The idea is that the earlier a person wakes up, the more morning light they're exposed to, which makes it easier for the brain and body to wake up. Early morning light exposure can also make it easier to fall asleep at night because it helps regulate the body's circadian rhythm, says Harris.

However, waking up early is not necessarily better for everyone, especially those who go to bed late and need the extra hours. Giving up sleep for a morning workout, for example, may do more harm than good despite the benefits of exercise, TODAY.com previously reported.

The bottom line: Getting enough sleep, and good quality sleep, is more important than waking up at an early time, says Barone.

Is Snoozing Bad for You?

When it comes to waking up, Barone warns against making this common mistake: falling into the snooze trap.

If you decide to wake up early, try to actually get your body up at that time, the experts emphasize. Setting an early alarm only to wake up and hit the snooze button to lie in bed for the next an hour is not ideal, says Barone, and could make you feel worse during the day.

"Snoozing releases serotonin, and it's a very pleasant sensation to go back to sleep," says Barone. "The problem is that the process of waking up is a complicated series of neurotransmitters (being) released in the brain. ... Waking up and going back to sleep is interrupting that," he adds. This can confuse the brain and cause people to feel more tired and foggy.

Some studies have shown that snoozing for up to 30 minutes may help people transition from a deeper to a lighter stage of sleep, TODAY.com previously reported.

However, the experts recommend letting yourself sleep longer rather than waking up early to snooze. "It's better to just wake up at the latest time you can," says Barone.

Is it Healthy to Sleep in on Weekends?

It's common for people to wake up earlier on the weekdays and sleep in on the weekends. While getting extra shuteye probably won't hurt, the experts recommend people try to keep their waking time as consistent as possible.

"It’s better for your body if you wake up at the same time every day, including on weekends, to help keep your circadian rhythm in balance," says Harris.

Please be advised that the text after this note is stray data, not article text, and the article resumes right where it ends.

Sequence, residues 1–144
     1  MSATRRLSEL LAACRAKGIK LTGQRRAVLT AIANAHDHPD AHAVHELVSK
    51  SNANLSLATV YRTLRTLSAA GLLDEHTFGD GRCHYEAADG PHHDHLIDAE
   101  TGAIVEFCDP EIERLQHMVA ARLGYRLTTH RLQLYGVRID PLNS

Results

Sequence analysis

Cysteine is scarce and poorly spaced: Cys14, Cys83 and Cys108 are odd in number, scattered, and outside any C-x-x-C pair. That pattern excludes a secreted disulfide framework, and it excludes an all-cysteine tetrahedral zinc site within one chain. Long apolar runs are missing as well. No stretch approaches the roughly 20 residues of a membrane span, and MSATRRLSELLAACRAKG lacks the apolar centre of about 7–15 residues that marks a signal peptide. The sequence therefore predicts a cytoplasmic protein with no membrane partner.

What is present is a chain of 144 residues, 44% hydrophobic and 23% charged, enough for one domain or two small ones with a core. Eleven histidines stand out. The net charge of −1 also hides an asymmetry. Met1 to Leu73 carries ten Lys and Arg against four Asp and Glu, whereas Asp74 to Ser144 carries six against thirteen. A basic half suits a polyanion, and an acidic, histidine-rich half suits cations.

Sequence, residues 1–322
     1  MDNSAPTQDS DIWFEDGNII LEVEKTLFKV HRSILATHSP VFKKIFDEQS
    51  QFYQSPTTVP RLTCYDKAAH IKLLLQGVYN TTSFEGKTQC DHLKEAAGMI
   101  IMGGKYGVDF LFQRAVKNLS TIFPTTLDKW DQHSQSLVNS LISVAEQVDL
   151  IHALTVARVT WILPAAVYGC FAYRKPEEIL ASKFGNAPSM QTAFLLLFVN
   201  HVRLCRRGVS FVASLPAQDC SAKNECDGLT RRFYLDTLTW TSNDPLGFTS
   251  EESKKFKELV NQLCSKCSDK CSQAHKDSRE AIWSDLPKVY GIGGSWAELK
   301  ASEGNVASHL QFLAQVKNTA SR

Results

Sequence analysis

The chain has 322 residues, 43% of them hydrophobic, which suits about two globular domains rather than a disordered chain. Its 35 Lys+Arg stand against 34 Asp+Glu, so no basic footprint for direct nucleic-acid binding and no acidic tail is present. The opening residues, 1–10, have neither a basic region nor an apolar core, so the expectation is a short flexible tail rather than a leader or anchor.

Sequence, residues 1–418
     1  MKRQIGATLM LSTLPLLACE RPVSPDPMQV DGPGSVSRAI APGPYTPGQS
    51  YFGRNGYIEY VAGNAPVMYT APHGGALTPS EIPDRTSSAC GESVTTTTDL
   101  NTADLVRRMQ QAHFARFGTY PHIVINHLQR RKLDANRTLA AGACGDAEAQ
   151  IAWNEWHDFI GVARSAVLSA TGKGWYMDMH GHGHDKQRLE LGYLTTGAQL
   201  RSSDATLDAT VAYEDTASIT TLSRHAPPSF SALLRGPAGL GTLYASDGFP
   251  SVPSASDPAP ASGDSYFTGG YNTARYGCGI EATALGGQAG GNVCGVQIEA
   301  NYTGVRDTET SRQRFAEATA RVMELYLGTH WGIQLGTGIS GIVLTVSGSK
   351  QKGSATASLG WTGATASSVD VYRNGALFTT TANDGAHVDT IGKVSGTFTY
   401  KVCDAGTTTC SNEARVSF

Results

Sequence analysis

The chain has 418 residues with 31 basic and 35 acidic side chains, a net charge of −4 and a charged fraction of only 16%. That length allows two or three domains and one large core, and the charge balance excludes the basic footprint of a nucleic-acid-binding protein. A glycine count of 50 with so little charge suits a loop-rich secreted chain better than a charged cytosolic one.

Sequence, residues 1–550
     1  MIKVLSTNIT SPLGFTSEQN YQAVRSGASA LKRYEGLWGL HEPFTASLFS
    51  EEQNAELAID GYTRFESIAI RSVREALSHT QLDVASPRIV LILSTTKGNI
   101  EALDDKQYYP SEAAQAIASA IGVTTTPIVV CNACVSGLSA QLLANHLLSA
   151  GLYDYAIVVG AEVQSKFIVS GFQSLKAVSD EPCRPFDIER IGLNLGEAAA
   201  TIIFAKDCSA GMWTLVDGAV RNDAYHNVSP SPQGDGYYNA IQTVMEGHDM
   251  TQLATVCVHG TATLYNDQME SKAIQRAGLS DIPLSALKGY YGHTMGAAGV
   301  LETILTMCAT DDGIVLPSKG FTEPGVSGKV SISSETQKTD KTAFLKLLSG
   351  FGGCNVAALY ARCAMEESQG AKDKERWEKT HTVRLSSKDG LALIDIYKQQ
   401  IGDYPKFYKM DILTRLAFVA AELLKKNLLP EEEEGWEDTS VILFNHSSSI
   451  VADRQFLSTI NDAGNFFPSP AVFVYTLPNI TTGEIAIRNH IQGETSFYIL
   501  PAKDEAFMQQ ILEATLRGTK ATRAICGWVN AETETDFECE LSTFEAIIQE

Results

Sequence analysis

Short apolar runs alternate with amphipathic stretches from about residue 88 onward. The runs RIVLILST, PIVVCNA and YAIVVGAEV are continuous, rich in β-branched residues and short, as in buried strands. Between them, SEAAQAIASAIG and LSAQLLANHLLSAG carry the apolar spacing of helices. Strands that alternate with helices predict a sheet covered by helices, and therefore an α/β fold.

It's also common to not sleep enough during the week and oversleep on the weekends in an effort to catch up. "You would think that seems OK, but you're still behind when it comes to sleep deprivation," says Barone.

Sleep debt from the week can accumulate and become harder to pay off. "Every night that you're getting six hours when you need eight, you're two hours behind," says Barone. After five nights, that's ten hours. "You're not going to make up for that from just one or two nights of extra sleep," Barone adds.

Over time, this can result in sleep deprivation, which has a number of short- and long-term health consequences.

"It's better to just be as consistent as you can. If you want to sleep in an hour or so on the weekends, that's OK, but anything more than may signal there's a problem," says Barone.

How can People Wake Up Earlier?

In order to safely change when you wake up without losing sleep, Harris suggests the following steps:

Gradually shift your bedtime and waking time by 15 to 30 minutes each day until you reach your goal

Keep a consistent waking time and bedtime

Go out of your way to get sunlight in the morning

Don't force it — try to adjust your wake-up time based on what works best for you and your morning routine, says Harris.

If you're unable get out in the sunlight or it's still dark when you wake up, try using artificial sources of light in the morning, such as sunrise alarm clocks or light therapy lamps.

The experts encourage limiting screen time — from televisions, computers and phones — before bedtime. Exposure to bright artificial light in the evening can disrupt the sleep-wake cycle.

“The ideal circumstance is we shut off any screens 30 to 60 minutes before bed to allow melatonin to be produced,” says Barone.

If you have trouble falling asleep, wake up throughout the night or wake up feeling tired despite sleeping enough hours, these could be signs of an underlying problem or sleep disorder, the experts note. Always talk to your doctor if you have questions or concerns.

"If you do all the right things, but your sleep is still disrupted or low quality, you may want to consider getting a sleep study," says Barone.